in Frieze | 03 MAR 04
Featured in
Issue 81

The Uses of Enchantment

Karen Kilimnik

in Frieze | 03 MAR 04

1890: A small scene of royal opulence and ennui hand-written in a cheap notebook when the writer was nine years old. Daisy Ashford's The Young Visiters - published in 1919 with a preface by J.M. Barrie - is a novel of romance and class mobility like no other.

In breathless prose it tells two intertwined stories: Mr Alfred Salteena, 'an elderly man of 42', comes to court in London, attempting to become a proper gentleman, while pretty Ethel Monticue is wooed and won by Bernard Clark, a soulful country squire with 'nice long legs'. Over eleven short chapters Ashford revels in the many luxuries the world can offer - liveried footmen, tea served in bed, 'small but costly' crowns - while remaining acutely aware of just what it takes to achieve these prizes.

The charm of The Young Visiters lies not simply in the accidental wonder of its skewed language but also in the way it tries out bits of not quite digested social knowledge. A child's-eye view of adult forms, the novel dramatizes how we understand the way social rituals function before understanding precisely what they mean. There is something delightful in this almost sophistication, the gaps in knowledge filled by imagination. Clearly the young author paid close attention to the anxieties repeated by adults and reported in books - the novel is filled with worries about how to tip servants and whether one's ancestors are up to snuff. According to Barrie's preface, Ashford 'was one of a small family who lived in the country, invented their own games, dodged the governess, and let the rest of the world go hang'.

Perhaps Karen Kilimnik's childhood was something like this. Certainly the persona she adopts in her work owes a great deal to childhood play-acting and not a little to 'dodging the governess'. She's made a career of holding on to girlish obsessions, painting glowing fan-club portraits of fashion models and ballerinas and cobbling together simulacra of grown-up luxury out of cast-offs and glitter. Yet, like Ashford, Kilimnik practises a particularly knowing sort of fantasy. Looking at these seemingly guileless works, the observer is involved in a guessing game. Does she understand more than she lets on, or less? Somehow both options have the same effect - a kind of slightly embarrassing, yet oddly joyous, bafflement.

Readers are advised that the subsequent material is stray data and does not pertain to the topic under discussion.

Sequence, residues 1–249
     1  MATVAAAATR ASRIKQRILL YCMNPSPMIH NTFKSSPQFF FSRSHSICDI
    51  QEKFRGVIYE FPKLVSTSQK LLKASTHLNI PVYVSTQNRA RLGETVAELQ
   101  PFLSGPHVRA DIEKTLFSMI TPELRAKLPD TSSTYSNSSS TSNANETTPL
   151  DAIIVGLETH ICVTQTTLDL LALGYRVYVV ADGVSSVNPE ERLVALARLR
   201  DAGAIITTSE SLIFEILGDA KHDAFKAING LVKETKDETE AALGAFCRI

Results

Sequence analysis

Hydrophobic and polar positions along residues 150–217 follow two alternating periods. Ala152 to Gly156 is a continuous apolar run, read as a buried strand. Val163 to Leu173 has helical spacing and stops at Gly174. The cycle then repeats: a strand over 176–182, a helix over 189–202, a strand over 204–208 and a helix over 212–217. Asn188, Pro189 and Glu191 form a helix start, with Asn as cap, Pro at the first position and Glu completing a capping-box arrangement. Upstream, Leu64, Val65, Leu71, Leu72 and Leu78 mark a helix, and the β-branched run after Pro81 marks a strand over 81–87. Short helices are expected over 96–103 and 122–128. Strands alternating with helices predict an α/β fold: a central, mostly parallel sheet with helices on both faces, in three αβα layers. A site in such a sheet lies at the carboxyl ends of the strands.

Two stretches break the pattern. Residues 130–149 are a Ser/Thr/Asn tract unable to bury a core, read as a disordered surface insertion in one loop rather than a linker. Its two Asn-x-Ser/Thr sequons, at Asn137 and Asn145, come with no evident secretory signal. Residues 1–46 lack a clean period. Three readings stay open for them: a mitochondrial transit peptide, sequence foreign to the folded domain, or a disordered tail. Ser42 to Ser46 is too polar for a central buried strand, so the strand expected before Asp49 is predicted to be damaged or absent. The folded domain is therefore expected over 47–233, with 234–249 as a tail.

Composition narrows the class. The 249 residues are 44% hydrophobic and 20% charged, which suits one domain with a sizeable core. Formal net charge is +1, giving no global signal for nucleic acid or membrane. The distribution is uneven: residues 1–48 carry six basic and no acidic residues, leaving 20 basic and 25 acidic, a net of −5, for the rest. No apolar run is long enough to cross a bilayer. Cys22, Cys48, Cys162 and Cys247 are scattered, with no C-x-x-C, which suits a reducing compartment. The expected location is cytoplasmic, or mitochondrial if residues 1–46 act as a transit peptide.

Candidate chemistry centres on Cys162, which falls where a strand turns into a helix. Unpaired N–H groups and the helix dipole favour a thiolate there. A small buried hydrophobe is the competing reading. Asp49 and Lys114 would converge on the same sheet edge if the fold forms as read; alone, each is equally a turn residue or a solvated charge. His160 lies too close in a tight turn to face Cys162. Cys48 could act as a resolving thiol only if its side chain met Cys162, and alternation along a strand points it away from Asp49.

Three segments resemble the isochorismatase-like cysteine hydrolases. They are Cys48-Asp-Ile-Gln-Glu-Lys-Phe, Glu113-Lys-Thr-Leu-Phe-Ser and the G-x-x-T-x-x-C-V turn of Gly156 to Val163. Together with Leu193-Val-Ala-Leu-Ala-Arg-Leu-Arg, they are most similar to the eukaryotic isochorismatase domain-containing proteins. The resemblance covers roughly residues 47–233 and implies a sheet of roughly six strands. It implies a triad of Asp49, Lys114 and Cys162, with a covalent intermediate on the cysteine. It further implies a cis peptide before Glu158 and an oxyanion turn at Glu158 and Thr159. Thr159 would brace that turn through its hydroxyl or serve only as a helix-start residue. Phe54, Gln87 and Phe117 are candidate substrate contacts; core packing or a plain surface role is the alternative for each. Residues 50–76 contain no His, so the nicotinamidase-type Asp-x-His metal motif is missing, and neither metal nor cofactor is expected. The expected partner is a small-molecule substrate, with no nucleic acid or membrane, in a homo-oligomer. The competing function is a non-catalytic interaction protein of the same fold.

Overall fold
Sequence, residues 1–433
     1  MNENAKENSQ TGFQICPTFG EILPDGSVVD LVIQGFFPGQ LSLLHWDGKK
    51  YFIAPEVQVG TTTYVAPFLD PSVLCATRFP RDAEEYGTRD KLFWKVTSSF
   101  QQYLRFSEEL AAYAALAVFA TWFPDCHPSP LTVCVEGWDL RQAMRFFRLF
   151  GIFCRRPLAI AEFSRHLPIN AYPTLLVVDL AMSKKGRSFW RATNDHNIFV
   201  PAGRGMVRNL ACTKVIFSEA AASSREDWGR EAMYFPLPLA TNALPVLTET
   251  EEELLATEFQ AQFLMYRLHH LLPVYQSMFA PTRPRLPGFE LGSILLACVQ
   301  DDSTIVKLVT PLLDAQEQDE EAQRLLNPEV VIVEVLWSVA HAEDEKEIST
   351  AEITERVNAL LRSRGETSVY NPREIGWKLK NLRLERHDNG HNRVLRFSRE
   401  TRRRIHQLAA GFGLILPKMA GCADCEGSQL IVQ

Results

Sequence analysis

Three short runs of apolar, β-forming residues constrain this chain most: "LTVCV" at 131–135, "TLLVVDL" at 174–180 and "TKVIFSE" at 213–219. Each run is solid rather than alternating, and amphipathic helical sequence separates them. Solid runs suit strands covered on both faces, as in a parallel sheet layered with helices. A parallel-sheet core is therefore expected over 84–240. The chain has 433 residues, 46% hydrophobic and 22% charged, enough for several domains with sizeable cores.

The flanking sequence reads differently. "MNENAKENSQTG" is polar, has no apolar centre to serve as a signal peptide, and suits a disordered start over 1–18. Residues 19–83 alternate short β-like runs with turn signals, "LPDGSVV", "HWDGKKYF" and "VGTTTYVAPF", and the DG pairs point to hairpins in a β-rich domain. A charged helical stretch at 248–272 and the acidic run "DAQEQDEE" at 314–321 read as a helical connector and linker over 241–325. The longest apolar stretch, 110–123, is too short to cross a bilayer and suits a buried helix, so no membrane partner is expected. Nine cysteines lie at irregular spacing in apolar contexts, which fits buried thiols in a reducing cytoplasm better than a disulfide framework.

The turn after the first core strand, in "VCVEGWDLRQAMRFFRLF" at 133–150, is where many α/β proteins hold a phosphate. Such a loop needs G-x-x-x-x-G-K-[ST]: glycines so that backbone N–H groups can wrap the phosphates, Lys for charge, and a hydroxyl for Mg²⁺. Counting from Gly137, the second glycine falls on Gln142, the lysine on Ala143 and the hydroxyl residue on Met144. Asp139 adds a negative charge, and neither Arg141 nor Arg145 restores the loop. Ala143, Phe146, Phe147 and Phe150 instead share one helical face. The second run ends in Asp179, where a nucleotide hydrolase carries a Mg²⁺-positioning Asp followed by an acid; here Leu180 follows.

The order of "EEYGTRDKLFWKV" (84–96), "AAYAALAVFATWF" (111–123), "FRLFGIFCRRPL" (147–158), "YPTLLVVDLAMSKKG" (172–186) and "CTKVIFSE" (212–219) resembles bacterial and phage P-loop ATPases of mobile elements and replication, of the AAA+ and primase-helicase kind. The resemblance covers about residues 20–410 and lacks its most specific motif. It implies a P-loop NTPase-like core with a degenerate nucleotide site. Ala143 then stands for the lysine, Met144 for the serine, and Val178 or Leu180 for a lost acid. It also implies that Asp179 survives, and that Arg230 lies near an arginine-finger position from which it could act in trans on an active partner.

Kilimnik loves old New York, old television programmes (especially The Avengers and Bewitched) and 18th-century genre painting. She loves eras - the 1960s, the 1890s and the 1780s. She loves Russia, Russian ballet and the Russian Tea Room. She loves sparkly things such as snow and glitter and chandeliers; loves the shadows in empty drawing-rooms and the twilight haze in the forest. She loves fairy tales and Leonardo DiCaprio and whatever things offers themselves up to be loved: dogs, ponies and famous pretty faces - Twiggy, Alicia Silverstone, Brooke Shields, Kate Moss and Chloe Sevigny - treating every moment's It girl as if she might really and truly be It.

More than anything, what Karen Kilimnik loves is magic: the quotidian transmuted and left behind, those perfect dreams from which you never want to wake. This is her work's central theme and the source of its nervous, swoony energy. Here magic appears as a kind of self-perpetuating power, the power to go to a place where magic is real. As in stories about alternate worlds, the portals are everywhere, all around us, if only we could find them. Somewhere this network of passions links up to form a singular place, an imaginary country.

Out here in the adult world we don't really believe in magic - what we have in its place is glamour. But actually that amounts to the same thing. Though rarely used in that sense any longer, 'magic' is the word's original meaning: an enchantment, a charm affecting the eye, changing and artificially magnifying what is seen. Witches in the 18th century were said to 'cast glamour'. (Traces of this meaning of the word still linger, of course, in the word's negative connotations - rationalists and puritans of all stripes distrust glamour.) Follow the etymology further back, most linguists claim, and you get to grammar: a body of knowledge, a set of codified prescriptions and operations. Occult powers are a special kind of learning, a technique.